June 12, 2010

Clark: Farewell to life!

Barely in his 30s at the time of his death on June 12, 1841, Willis Gaylord Clark is hardly a well-remembered figure in American literary history. His contemporary writers might be surprised. Washington Irving recalled that the short career of Clark was "useful, honorable, popular... and he has left behind him writings which will make men love his memory and lament his loss." Rufus Wilmot Griswold predicted that his writings would "long be remembered for their heart-moving and mirth-provoking qualities." Edgar A. Poe implied that Clark should be counted the first of Philadelphia poets.

Clark began his journalistic career with the New York Mirror, then the Columbian Star, and the Philadelphia Gazette. It was in Philadelphia that he met Anne Poyntell Caldcleugh, whom he married in 1836. Soon, however, she was sick with tuberculosis and died shortly after marriage. Clark was deeply affected — especially when he began showing symptoms of the disease as well. His poetry became distinctly morbid, including his poem "The Dying Poet." Its second-to-last stanza reads:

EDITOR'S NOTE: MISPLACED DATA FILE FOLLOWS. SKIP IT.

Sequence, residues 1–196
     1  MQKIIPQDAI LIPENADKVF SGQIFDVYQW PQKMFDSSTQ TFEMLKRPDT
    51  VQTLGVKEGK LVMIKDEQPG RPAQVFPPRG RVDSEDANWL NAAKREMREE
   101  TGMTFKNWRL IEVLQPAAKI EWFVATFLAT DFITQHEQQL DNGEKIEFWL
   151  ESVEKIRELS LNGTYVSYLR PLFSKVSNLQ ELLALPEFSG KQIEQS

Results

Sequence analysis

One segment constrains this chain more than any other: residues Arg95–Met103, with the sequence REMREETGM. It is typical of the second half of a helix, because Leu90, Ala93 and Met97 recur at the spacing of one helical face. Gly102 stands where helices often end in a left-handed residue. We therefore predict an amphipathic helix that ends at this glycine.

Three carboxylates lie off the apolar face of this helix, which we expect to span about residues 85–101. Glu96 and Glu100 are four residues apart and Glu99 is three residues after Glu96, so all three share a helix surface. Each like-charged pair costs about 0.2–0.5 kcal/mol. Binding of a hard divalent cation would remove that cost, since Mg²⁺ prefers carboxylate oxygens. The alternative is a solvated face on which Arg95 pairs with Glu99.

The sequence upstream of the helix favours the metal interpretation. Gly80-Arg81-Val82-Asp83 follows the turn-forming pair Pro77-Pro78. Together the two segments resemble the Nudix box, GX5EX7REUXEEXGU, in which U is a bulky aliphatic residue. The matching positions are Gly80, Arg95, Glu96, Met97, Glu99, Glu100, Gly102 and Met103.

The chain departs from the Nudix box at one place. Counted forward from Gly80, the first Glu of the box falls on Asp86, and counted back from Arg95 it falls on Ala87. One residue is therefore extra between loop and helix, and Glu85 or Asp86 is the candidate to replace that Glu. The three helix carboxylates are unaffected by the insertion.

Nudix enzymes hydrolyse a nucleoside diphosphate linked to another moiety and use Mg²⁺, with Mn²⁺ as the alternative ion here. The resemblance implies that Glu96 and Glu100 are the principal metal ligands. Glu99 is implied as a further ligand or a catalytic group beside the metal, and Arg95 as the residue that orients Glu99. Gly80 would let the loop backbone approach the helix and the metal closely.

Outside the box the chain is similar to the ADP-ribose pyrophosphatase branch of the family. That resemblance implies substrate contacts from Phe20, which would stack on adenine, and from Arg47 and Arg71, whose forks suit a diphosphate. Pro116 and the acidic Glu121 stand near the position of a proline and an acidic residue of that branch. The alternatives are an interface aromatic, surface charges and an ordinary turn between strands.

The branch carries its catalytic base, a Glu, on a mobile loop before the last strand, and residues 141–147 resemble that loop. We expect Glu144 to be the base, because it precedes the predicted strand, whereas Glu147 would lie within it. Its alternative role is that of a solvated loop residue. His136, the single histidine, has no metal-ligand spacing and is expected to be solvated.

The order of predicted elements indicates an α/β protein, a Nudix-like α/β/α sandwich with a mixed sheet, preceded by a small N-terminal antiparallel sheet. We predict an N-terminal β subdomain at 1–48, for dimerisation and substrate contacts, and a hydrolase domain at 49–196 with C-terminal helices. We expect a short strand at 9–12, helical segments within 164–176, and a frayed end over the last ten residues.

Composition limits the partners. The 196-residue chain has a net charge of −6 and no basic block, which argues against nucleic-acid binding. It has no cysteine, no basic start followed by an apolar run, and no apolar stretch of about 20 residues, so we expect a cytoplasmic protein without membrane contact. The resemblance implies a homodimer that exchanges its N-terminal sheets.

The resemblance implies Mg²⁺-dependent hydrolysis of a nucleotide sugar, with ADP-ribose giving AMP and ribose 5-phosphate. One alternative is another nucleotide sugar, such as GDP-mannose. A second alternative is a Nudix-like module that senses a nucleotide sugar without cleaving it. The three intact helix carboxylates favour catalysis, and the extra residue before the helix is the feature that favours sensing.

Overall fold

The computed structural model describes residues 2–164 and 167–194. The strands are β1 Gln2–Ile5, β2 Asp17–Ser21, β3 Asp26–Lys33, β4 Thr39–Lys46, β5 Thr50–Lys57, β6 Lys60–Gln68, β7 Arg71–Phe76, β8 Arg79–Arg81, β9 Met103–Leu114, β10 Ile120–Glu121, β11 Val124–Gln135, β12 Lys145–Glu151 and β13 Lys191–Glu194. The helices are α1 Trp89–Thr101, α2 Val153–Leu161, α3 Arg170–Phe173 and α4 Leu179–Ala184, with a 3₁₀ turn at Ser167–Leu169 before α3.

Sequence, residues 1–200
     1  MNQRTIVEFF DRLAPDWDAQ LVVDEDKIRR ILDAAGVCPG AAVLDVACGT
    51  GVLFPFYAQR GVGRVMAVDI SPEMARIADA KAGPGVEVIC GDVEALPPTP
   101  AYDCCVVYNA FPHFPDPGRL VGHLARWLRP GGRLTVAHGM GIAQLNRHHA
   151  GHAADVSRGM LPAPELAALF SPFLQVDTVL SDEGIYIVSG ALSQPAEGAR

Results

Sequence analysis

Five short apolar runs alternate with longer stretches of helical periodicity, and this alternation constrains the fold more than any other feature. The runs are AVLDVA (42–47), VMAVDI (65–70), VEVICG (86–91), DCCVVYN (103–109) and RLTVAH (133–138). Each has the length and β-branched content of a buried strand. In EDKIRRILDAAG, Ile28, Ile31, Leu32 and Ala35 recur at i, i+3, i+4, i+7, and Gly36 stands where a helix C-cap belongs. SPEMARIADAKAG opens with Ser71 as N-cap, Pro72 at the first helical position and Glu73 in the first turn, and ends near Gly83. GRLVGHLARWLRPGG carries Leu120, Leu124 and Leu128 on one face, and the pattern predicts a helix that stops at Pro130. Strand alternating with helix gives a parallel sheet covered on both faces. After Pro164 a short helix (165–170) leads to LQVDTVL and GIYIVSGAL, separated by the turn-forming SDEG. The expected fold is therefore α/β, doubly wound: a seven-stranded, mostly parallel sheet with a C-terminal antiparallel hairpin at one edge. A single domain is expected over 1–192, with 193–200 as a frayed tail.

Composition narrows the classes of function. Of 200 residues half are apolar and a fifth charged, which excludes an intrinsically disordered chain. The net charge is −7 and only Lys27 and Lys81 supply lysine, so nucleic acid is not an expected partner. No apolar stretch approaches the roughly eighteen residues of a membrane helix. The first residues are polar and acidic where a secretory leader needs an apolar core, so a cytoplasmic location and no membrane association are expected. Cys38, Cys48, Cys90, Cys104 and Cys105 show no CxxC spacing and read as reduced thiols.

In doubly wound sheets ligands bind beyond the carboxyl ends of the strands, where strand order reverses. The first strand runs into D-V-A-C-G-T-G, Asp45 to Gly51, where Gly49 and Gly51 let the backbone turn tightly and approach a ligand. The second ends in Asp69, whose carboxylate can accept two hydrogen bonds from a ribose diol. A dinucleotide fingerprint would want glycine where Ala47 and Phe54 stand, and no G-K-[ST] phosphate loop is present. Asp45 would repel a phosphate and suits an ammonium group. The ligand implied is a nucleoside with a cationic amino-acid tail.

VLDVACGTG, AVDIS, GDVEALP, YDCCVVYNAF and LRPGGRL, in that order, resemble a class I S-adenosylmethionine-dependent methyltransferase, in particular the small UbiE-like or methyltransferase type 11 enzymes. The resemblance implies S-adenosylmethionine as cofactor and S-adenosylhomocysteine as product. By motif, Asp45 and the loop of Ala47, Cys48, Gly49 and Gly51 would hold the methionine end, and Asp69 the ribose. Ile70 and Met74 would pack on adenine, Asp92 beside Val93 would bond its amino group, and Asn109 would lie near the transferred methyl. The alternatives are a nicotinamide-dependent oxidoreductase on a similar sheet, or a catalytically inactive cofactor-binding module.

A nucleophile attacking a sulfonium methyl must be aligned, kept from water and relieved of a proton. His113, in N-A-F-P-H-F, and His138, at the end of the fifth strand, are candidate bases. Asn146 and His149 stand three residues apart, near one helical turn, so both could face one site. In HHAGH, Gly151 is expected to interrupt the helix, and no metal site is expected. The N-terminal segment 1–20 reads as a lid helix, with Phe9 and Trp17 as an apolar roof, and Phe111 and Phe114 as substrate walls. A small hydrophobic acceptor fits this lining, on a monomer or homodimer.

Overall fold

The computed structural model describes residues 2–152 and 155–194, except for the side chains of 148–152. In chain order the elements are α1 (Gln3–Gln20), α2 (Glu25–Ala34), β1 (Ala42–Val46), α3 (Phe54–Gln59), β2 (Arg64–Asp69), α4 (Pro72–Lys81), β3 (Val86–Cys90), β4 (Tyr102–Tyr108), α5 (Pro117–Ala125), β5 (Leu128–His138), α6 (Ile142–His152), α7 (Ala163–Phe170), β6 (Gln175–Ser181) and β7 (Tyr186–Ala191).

Farewell to life! its morning hour
  Was like a golden paradise;
Hope sprang like some luxuriant flower,
  Where youth's enchanted visions rise!
I have had peace — its hour was brief:
  I have had care — it lingered long!
Joy's tree sent down its faded leaf,
  On Pleasure's lip expired the song!

Some of his last works, signed with the name "Ollapod," were newspaper columns about his observations on life, literature, and sentiment. These "Olladopania," which proved very popular, were published by his twin brother Lewis Gaylord Clark (pictured).

After the death of Willis, Lewis stepped up his presence in the literary world, especially in New York.Years earlier, he purchased the floundering Knickerbocker magazine (first edited by Charles Fenno Hoffman). He served as its editor until 1861. Lewis also oversaw the publication of The Literary Remains of Willis Gaylord Clark (1844).

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